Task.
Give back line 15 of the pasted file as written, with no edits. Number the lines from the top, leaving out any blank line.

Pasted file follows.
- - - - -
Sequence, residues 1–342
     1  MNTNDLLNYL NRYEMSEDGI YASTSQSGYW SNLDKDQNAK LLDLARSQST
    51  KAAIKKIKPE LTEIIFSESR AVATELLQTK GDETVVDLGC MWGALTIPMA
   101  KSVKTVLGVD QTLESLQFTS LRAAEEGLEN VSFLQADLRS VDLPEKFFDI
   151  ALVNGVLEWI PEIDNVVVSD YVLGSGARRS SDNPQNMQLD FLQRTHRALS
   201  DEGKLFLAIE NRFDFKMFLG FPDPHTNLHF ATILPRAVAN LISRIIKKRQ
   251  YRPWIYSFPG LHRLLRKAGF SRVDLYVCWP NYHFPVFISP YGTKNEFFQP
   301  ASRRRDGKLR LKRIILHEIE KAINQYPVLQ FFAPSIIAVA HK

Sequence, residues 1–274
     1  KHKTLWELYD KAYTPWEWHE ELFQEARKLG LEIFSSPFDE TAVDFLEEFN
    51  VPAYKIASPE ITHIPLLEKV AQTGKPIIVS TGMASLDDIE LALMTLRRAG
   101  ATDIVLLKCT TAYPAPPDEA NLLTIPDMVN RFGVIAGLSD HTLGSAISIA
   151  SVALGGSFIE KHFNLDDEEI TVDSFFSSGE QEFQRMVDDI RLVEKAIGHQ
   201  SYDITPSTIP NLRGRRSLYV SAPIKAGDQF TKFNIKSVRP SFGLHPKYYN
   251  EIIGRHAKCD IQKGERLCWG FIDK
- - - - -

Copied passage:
   251  EIIGRHAKCD IQKGERLCWG FIDK